Here is a possibly crazy idea. What if the cameras eventually get so small, cheap, and low power that the camera and its hard drive can be integrated into the gun itself? What would be the implications?

Acacia H. said...

Dr. Brin, I think this article from Jim Wright over at Stonekettle on people using guns inappropriately while trying to be "big damn heroes" may be relevant to this discussion. It includes several stories of what could be called attempts at vigilante justice which don't go well. It's a good counterpoint to claims that an armed citizenry will stop mass shootings and the like.

And given that I recently saw a video of a store owner refuse to let a robber take money from his till, hosed him down with a fire extinguisher, pulled him onto the counter and took advantage of his low-riding pants to spank that asshole's ass, and then a customer came up and gave the bastard a few kicks in the side?

We don't need guns to protect ourselves. If you are scared and have a gun, you may make things worse... or never use the gun. If you choose to act, without a weapon, you can do things. As has been shown over and over again... especially with the fourth flight during 9/11.

Rob H.

locumranch said...

Perhaps people like Rob can deter crime & protect themselves through sheer force of will, but this is something we can never know, because people like that (1) seek refuge from danger in a crowd (herd mentality), (2) refuse to accept personal responsibility for their own (sheepish) well-being, (3) prefer to delegate their 'self-protection' to external (gun-toting) law enforcement authorities and (4) forget that 'deterred crimes' are (literally) non-events that cannot be counted, giving rise to the Nanny State protection racket wherein Rob-like individuals can hide from imaginary boogeymen behind their mother's 'maternalitarian' skirts while she whispers a soothing 'Trust Me' in his ear.

Oh, Momma: Say those two words again in Yiddish for me.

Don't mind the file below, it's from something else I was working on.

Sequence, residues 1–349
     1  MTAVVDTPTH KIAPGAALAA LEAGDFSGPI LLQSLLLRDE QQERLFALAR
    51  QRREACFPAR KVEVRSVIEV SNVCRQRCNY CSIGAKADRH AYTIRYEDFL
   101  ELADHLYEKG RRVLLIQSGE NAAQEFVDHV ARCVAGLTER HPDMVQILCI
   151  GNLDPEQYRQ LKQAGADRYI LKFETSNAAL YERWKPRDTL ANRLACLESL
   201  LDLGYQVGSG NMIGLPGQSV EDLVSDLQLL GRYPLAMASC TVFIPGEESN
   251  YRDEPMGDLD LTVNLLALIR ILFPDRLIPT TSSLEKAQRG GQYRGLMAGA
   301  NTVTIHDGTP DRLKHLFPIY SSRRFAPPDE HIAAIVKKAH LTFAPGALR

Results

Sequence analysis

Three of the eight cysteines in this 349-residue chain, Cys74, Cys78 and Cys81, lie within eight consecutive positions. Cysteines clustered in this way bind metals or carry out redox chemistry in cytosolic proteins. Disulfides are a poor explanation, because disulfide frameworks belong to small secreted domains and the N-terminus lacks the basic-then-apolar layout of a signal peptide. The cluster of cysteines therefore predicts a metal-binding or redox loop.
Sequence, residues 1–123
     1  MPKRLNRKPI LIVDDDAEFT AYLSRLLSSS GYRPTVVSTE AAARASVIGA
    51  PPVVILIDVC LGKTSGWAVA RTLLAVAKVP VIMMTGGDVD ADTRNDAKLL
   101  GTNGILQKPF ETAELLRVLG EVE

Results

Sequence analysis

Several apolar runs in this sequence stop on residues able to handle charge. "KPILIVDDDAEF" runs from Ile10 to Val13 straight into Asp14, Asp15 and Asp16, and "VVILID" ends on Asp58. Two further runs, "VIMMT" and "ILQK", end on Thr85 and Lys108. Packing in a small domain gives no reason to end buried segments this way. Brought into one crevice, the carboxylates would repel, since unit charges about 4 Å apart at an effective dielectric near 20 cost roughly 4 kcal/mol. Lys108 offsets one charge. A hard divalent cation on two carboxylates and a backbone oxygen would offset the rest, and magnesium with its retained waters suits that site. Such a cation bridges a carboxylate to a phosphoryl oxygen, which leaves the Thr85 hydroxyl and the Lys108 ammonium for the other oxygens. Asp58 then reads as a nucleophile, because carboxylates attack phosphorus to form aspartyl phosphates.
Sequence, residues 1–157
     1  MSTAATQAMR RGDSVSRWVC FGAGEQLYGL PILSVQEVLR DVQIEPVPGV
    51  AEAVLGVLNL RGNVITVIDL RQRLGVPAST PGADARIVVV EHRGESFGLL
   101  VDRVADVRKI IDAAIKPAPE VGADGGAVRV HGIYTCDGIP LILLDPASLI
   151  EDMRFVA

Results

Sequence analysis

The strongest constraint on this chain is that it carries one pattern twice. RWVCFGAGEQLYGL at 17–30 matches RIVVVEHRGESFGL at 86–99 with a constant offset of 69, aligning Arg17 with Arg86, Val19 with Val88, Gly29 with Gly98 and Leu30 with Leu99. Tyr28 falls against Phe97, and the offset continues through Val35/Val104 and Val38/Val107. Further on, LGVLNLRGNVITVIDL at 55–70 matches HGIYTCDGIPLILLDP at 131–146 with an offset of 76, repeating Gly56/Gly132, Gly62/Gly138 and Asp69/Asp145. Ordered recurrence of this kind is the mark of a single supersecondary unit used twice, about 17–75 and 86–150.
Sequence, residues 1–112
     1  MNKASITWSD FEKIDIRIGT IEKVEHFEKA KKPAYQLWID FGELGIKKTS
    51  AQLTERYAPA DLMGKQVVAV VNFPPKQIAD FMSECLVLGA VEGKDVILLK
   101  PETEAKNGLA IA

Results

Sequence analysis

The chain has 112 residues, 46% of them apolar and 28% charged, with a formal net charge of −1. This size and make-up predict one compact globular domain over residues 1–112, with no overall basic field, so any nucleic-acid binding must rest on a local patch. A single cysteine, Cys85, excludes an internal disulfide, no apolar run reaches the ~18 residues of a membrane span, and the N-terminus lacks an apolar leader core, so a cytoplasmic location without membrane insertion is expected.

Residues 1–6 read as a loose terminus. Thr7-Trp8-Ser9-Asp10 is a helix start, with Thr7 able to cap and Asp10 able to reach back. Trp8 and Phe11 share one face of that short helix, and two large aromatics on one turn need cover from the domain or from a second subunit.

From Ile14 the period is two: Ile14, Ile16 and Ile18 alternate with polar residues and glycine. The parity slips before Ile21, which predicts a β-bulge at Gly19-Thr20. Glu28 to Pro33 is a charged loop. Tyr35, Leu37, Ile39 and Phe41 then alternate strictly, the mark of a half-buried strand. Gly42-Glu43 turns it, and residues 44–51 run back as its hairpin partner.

Praise be the heroes from Flt4 on 9/11 who sacrificed their own lives for the benefit of the Herd.

Acacia H. said...

And once again Locum goes running at the ball, only to have it pulled out from under him by his own mental fallacies and inability to see anything but the delusions of his own importance.

Locum, would you have preferred the people on the fourth plane to have done nothing and let the terrorists have crashed their plane into another building? Because if they did nothing, like you advocate, that is what would have happened.

As for "people like me" - I'm not saying I'm one of these people. I've not been put in that situation, though in an emergency situation where my MERT training was viable, I froze and had to force myself to move forward and help those who'd been hurt. So I don't see myself as one of those who'd move forward and help tackle a terrorist. But I might very well be one of those who followed the first couple and lent a hand even as every instinct in my body screamed to stay down.

You listen to that voice, it seems. It says "why bother? It's doomed to failure." And then you deride those who act despite that voice. You cast down those who succeed despite your belief they will fail.

And I am left to wonder. Why do you bother to argue this point? Your arguments are doomed to fail, after all. Why bother saying a word? By your own philosophy and belief structure, you know it's a fool's errand.

Rob H.

Laurent Weppe said...

"Locum, would you have preferred the people on the fourth plane to have done nothing and let the terrorists have crashed their plane into another building?"

Was Cheney still in the White House when the fourth plane crashed?
(That's a sarcasm: I'm not actually advocating the notion that murdering 3.000 people would have been an acceptable collateral if Cheney had been killed in the attack: who do you think I am? A Pentagon bureaucrat?)

Acacia H. said...